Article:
my S&W revolvers have been faultless through perhaps two thousand rounds, but my Colt Detective Special once got completely tied up (as in frozen), and required a trip back to the factory to get it corrected. this in perhaps two hundred rounds (for just the Colt).
my revolvers are chambered in .38SPL (Colt and S&W 642), .38/.357 (Wilson/S&W 66, 2.5"), and .45ACP (S&W 625, 3" and 4").
if i had to choose only one of my weapons to carry in a SHTF scenario (and it had to be a handgun), i would pick my standard P-229 in .357SIG. it has been totally reliable since i bought it back in 1995 or so. ZERO stoppages of any kind, for any reason.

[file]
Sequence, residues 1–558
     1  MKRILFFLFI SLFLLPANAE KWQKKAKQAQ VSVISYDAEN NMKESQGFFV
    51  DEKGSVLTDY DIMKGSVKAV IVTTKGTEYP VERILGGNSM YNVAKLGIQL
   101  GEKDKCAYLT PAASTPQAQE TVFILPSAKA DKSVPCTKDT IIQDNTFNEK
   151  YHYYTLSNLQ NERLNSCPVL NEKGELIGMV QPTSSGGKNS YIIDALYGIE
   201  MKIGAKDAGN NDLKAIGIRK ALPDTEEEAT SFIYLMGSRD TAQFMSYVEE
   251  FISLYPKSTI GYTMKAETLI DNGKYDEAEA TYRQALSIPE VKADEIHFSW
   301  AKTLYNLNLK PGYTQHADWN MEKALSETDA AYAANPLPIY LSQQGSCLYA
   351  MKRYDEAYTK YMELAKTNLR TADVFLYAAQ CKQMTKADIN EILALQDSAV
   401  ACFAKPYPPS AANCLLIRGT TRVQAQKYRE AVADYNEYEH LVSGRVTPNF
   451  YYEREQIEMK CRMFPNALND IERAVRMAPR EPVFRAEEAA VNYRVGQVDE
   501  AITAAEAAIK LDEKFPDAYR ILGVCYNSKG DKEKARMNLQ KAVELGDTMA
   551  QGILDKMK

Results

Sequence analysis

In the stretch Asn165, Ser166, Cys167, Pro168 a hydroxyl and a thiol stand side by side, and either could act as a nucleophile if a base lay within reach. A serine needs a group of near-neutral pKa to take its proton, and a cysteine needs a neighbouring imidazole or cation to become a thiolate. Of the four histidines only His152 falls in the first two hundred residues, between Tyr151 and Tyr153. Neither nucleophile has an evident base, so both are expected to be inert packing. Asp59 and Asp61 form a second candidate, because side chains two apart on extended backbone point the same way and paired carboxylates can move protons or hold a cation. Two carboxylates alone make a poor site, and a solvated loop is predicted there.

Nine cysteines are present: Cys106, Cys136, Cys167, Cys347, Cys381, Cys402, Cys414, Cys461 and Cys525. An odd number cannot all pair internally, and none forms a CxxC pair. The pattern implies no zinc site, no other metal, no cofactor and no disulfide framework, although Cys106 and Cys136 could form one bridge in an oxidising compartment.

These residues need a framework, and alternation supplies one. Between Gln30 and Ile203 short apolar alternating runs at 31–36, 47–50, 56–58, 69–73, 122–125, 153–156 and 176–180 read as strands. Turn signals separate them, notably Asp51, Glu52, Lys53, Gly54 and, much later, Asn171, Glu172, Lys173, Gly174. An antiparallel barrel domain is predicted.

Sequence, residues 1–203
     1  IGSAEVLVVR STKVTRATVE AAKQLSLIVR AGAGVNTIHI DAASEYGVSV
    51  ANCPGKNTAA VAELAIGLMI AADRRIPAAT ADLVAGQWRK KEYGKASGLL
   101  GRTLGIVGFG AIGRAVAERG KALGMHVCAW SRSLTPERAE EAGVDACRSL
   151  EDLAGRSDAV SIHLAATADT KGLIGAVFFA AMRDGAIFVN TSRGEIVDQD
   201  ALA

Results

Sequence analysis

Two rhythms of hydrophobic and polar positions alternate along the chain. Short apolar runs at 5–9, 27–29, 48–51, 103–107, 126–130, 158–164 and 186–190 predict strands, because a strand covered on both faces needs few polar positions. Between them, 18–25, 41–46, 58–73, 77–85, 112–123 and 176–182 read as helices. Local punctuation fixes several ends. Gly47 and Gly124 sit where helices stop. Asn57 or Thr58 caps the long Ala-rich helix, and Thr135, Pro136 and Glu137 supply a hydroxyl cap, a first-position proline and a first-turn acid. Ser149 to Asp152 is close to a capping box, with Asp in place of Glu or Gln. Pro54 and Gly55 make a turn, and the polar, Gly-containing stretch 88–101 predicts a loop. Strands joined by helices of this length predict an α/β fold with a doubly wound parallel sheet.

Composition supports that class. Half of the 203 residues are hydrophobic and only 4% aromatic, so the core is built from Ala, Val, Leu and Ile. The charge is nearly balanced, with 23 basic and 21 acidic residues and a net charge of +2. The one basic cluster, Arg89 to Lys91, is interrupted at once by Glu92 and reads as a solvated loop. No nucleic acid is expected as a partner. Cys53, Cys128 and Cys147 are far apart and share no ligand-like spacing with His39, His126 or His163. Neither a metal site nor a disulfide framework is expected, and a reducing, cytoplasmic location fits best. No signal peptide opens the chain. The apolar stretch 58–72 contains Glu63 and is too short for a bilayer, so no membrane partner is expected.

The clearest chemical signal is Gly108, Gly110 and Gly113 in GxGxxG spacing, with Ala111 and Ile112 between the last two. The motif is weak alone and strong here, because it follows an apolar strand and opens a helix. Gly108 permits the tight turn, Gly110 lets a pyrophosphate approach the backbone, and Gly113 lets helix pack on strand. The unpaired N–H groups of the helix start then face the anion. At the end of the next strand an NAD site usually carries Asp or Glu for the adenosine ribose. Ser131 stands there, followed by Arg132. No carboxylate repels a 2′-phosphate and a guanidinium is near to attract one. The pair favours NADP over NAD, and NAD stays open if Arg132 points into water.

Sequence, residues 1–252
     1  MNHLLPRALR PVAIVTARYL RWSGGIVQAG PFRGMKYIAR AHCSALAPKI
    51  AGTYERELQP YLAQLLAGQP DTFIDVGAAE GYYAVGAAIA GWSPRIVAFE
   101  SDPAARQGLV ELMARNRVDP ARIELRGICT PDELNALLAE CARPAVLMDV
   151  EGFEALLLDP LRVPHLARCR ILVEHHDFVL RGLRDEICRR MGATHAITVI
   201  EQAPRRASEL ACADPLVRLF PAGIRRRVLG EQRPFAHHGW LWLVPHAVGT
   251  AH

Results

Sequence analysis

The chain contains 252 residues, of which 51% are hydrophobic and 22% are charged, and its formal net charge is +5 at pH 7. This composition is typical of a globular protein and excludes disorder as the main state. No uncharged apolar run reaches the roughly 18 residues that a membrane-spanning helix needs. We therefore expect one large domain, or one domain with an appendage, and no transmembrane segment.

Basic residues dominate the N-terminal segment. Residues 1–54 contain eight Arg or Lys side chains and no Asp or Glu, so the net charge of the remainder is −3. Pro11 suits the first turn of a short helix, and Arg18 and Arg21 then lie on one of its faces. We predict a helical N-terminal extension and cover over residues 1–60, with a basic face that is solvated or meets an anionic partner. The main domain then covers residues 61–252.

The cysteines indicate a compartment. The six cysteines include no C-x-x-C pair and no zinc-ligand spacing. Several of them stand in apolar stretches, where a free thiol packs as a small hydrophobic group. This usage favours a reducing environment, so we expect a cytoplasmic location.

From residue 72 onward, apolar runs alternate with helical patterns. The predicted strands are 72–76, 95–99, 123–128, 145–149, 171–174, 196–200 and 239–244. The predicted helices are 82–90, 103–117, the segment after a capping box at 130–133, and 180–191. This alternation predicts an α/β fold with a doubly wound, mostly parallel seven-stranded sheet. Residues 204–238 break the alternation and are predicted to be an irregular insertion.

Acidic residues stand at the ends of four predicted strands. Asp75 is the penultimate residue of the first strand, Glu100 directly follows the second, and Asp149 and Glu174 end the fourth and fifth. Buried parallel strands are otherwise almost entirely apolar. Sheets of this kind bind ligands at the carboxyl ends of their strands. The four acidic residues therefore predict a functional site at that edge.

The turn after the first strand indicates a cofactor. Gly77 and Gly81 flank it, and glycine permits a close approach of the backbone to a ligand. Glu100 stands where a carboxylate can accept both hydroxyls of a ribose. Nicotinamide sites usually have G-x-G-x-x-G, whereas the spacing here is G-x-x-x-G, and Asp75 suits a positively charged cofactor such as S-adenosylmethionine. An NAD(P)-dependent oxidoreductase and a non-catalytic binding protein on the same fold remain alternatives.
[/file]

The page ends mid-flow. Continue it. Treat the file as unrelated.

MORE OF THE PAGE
if i could pick/carry TWO handguns, i would carry my Sig P-220 and my Smith 625, 4", both chambered in .45ACP.
as OP said, pistols are more likely to fail to function than a good DA revolver firing quality ammo, but a revolver problem is likely to be time consuming to correct, if operator correctable at all. a semi-auto malfunction can usually be corrected in well under 10 seconds by an operator who knows the clearance drills.
if i were in OP's position, and i wanted a revolver, i'd look hard at the S&W 625 or try to find a used Smith 940 revolver, which is chambered for 9mm, using moon clips. and i believe that Smith recently made a DA revolver chambered for 10mm, using moon clips.
Last edited by sensei2; October 20th, 2012 at 04:31 PM.